Some suggest we may be heading for the golden age of long-term care insurance. I hope so.
In 2002 when I started in this specialized insurance niche the industry reported $1.5 billion in new standalone premiums. A decade later the premiums had dropped to $600 million. Now the latest numbers for 2021 indicate total standalone premiums dropped again to $200 million. And that includes sales in Washington State where the incentive to buy private insurance and avoid a payroll tax was huge.
Tens of thousands bought. But most of those that we helped bought the cheapest policy offered before insurance companies saw what was happening and discontinued sales until after the deadline.
The Washington Cares Act did not stimulate prudent long-term care expense planning. In fact, it was so poorly designed that the implementation has been postponed until mid-2023. Not to mention that the benefit available is woefully inadequate. Lifetime maximum benefit is $36,500. Or, $100 per day for one year.
According to the American Association for Long Term Care Insurance, the 2020 long-term care claim averaged over $137,000. And more than 50% of those on claim needed care for well over a year.
So why would anyone think we might be heading for a golden age? Several reasons.
One is the increasing cost of care. If we need care, most of us want to remain in our own homes. According to the annual Cost of Care Survey published by Genworth Financial, the cost of a home health aide increased 12.5% from 2020 to 2021.
It’s the classic economic equation of supply and demand. Home health care companies have been hit with factors that increase their costs. These include minimum wage requirements and COVID related costs for PPE (personal protective equipment), training and procedures.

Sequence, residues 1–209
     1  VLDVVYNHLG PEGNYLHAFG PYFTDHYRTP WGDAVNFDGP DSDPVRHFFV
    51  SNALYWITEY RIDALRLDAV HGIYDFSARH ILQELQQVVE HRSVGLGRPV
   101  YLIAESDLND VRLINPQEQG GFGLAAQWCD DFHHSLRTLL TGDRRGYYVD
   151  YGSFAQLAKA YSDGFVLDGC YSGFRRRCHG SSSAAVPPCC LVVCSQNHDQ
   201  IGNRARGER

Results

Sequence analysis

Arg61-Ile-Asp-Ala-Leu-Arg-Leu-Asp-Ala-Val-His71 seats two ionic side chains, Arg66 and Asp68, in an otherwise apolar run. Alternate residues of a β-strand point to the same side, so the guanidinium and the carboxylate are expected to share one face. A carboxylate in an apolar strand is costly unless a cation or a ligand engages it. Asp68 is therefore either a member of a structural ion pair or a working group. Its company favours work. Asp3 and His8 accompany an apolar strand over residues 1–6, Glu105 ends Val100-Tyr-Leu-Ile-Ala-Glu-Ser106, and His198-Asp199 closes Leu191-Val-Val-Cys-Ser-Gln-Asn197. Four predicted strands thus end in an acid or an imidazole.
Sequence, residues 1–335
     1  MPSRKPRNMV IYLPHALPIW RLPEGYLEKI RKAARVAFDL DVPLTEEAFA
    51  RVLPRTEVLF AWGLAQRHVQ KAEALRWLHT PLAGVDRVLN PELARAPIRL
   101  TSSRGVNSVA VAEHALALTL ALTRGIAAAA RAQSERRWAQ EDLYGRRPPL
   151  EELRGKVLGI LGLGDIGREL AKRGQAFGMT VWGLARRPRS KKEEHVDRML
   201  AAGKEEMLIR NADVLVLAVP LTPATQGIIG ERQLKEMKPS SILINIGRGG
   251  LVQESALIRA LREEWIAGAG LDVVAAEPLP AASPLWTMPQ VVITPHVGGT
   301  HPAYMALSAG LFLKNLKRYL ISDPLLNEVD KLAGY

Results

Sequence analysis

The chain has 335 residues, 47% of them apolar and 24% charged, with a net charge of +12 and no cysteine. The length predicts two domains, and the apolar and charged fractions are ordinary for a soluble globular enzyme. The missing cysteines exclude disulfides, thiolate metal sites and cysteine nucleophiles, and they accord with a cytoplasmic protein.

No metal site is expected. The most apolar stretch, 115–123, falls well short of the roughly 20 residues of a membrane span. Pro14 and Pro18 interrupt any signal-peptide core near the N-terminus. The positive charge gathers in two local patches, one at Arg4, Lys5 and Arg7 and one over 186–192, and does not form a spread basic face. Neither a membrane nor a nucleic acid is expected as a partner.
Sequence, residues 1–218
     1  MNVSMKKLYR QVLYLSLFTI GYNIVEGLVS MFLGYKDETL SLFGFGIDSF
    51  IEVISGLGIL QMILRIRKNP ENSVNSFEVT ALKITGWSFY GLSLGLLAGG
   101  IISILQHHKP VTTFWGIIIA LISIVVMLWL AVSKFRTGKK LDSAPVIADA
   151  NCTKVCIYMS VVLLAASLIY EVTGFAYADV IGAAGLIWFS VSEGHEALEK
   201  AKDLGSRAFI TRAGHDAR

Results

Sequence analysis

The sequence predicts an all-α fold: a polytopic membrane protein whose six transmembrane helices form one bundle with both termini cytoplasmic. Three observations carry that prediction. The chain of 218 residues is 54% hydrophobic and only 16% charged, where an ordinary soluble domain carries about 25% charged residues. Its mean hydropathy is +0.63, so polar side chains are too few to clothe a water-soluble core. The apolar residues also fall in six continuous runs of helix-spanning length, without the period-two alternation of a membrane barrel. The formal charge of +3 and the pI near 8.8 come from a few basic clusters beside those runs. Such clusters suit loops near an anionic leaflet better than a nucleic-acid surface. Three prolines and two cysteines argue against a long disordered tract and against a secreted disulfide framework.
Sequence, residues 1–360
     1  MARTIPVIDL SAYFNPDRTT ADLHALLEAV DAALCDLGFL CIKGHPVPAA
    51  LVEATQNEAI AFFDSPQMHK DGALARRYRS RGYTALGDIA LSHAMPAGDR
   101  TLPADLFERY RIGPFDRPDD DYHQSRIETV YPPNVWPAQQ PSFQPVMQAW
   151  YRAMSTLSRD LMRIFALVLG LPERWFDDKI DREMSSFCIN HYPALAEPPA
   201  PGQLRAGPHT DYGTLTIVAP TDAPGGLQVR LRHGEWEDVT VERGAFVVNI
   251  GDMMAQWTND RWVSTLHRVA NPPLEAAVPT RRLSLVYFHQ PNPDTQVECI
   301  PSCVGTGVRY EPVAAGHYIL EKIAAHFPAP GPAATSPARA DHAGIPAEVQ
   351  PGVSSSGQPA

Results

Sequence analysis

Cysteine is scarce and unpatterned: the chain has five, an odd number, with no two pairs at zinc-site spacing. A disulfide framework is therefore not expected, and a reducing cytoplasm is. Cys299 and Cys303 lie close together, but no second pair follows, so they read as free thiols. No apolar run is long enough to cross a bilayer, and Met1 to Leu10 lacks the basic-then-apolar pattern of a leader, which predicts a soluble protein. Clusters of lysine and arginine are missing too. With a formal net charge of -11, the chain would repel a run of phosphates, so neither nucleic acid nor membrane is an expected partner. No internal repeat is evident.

Every year 10,000 baby boomers are turning 65 and 70% will experience a long-term care event in their remaining years. Demand will continue. As will costs. We already have a shortage of caregivers and care venues.
Yet another reason is that 12 other states are in the process of designing their own state-sponsored programs. Yikes! That’s scary. What do states know about designing long-term care programs? Not much if we look to the fiasco that Washington State wrought on its residents.
States are concerned about Medicaid costs. Medicaid is the government program for long-term care services. And Medicaid is the fastest growing line item on most state budgets.
I’ve often said that only those with private long-term care insurance will be able to afford quality care.
Even a small policy will offset significant cost. We customize every policy based on our clients’ health history, wealth, affordability and financial goals.
Back to the golden age. Now is the time. Get out in front of these state-sponsored projects and do your own long-term care expense planning. You will be glad you did! So will your loved ones.